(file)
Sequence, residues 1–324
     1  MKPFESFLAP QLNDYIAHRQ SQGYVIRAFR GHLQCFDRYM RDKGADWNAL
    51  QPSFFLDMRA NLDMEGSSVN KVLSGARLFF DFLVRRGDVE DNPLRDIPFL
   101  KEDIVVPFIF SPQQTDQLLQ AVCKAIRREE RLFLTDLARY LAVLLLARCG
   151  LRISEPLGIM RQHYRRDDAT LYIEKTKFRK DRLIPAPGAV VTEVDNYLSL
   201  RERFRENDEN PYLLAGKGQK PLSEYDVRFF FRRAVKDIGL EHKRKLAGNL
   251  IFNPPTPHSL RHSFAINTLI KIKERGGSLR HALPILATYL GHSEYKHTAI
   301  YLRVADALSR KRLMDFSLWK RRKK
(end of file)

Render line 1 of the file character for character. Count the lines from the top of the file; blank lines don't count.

Sequence, residues 1–324